For students to feel comfortable co-mentoring, they shared that both faculty and students should invest time and effort toward building trust. They want to know that the WisCom is a supportive environment where they will not be made to feel stupid or ill-informed no matter what they ask or share. They “want others to share their ideas, methods and approaches to overcoming specific gaps or situations;” want to “share ideas, experiences, success stories, and approaches;” as well as provide the “opportunity for more seasoned students to mentor newcomers to the EDLT program,” (D&Ddocs). Together they want to “create, test, and sample content,” (PreS) and “share experiences of teaching online,” (OD).
In what activities do EDLT students want to participate?
Beyond what they study in their coursework, students want to share tutorials in learning technologies as well as share, see, and practice ways that they and others apply technologies to support learning. They want to “share wins and losses of tech implementation in the classroom[s]” where they teach (PreS). Students on each team provided both synchronous and asynchronous communication in their WisCom prototypes and want students to be able to communicate in both discussions and brief chats.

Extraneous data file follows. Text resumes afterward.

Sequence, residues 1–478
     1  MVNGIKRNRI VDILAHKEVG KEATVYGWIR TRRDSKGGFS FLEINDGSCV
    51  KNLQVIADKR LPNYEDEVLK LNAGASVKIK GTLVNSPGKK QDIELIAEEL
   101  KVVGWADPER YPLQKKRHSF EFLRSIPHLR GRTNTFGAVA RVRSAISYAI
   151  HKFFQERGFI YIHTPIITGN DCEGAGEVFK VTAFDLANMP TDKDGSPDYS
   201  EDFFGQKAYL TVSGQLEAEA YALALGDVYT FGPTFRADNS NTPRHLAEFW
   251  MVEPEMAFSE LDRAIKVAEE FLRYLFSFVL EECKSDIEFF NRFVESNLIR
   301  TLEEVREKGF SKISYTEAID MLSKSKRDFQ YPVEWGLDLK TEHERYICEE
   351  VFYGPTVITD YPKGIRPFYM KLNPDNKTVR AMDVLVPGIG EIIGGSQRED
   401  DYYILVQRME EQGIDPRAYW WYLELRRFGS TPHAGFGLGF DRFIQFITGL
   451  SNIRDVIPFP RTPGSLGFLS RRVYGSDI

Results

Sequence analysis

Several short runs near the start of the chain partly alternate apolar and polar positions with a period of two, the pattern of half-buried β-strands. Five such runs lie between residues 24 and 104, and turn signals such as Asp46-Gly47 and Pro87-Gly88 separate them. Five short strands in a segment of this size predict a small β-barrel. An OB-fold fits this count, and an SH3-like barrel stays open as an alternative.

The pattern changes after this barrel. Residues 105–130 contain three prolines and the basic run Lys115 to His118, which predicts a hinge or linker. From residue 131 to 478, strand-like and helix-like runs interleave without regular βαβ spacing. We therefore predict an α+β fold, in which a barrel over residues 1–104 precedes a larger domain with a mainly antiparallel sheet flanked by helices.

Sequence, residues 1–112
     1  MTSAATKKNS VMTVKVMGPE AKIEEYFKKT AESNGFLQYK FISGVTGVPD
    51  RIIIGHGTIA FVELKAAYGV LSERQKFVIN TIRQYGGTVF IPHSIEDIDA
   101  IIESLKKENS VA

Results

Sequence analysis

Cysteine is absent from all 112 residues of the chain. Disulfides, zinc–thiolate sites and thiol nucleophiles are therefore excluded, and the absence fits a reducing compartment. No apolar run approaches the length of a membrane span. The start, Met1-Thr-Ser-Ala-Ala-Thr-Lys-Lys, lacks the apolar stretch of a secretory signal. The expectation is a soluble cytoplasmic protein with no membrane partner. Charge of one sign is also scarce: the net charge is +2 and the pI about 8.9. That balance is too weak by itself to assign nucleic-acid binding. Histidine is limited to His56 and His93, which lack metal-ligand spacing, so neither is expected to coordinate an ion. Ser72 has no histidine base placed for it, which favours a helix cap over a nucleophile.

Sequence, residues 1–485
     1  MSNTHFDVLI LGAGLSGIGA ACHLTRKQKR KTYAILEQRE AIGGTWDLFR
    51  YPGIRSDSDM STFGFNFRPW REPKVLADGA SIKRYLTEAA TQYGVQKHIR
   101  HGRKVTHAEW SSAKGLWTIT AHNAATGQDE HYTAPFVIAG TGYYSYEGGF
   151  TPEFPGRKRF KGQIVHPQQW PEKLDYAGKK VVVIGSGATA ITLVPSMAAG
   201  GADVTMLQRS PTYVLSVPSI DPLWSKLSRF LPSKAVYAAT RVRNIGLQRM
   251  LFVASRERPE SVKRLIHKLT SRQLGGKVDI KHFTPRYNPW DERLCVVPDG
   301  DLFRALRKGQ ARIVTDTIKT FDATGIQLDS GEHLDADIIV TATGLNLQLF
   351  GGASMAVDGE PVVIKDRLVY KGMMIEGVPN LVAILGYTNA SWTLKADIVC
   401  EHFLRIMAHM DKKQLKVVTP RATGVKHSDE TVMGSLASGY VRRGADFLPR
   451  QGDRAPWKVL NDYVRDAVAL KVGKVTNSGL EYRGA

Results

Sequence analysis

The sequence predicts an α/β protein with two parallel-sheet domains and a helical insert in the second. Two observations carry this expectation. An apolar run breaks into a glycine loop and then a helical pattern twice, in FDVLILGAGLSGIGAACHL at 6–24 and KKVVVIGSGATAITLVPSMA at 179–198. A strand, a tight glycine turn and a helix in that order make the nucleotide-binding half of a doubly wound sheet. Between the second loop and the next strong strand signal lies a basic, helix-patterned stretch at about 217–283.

Several students expressed the wish to see each EDLT community member’s introductory profile and biography; and many want to be able to connect and network with each other to, “share my content I create” and “impact other’s development” (D&Ddocs). They want to be able to ask and answer each other questions about the field and about their experiences in the degree program. In addition to spaces for chatting and discussions, they want a space to share celebrations of personal and professional achievements.
An agreement among students was that faculty members and doctoral students take turns and volunteer to design and moderate the Collaborative Inquiry Cycles (CICs). Topics and experiences of interest established by the students for CICs include:
- Social/emotional support and stress reduction – university offerings to support mental health (D&Ddocs, PostA, WCs),
- Guest speakers (D&Ddocs),
- Field competencies and standards (D&Ddocs),
- EDLT terms and definitions (PreS).
- ID models (PreS),
- ID foundations and “workshops that tackle the components of instructional design,” (PreS, OD),
- History of ID (PreS, WCs),
- ID methods (D&Ddocs),
- Gagne’s 9 events of instruction (PostS),
- Instructional design critique (D&Ddocs),
- Different example course designs (OD, D&Ddocs),
- Teamwork and conflict resolution (D&Ddocs),
- Relevant theories including Problem-Based-Learning, critical theory, and critical digital literacy (OD, D&Ddocs, WCs),
- How to establish presence online (D&Ddocs),
- High impact instructional strategies; what works and what doesn’t (OD, D&Ddocs)),
- Technology integration models (PostA),
- Engaging strategies with a variety of tools (D&Ddocs, WCs),
- History of educational technology (PreS, WCs),
- Tutorials for use of specific learning technologies; specifically students named Discord, Google Scholar, MicroSoft Office, Facebook, social media, (OD, D&Ddocs, WCs),
- Problem solving scenarios based on prior course work or work experiences (D&Ddocs),
- MOOCs (OD),
- How to provide teachers’ professional development (D&Ddocs),
- Feedback on work-product (OD, D&Ddocs, WCs),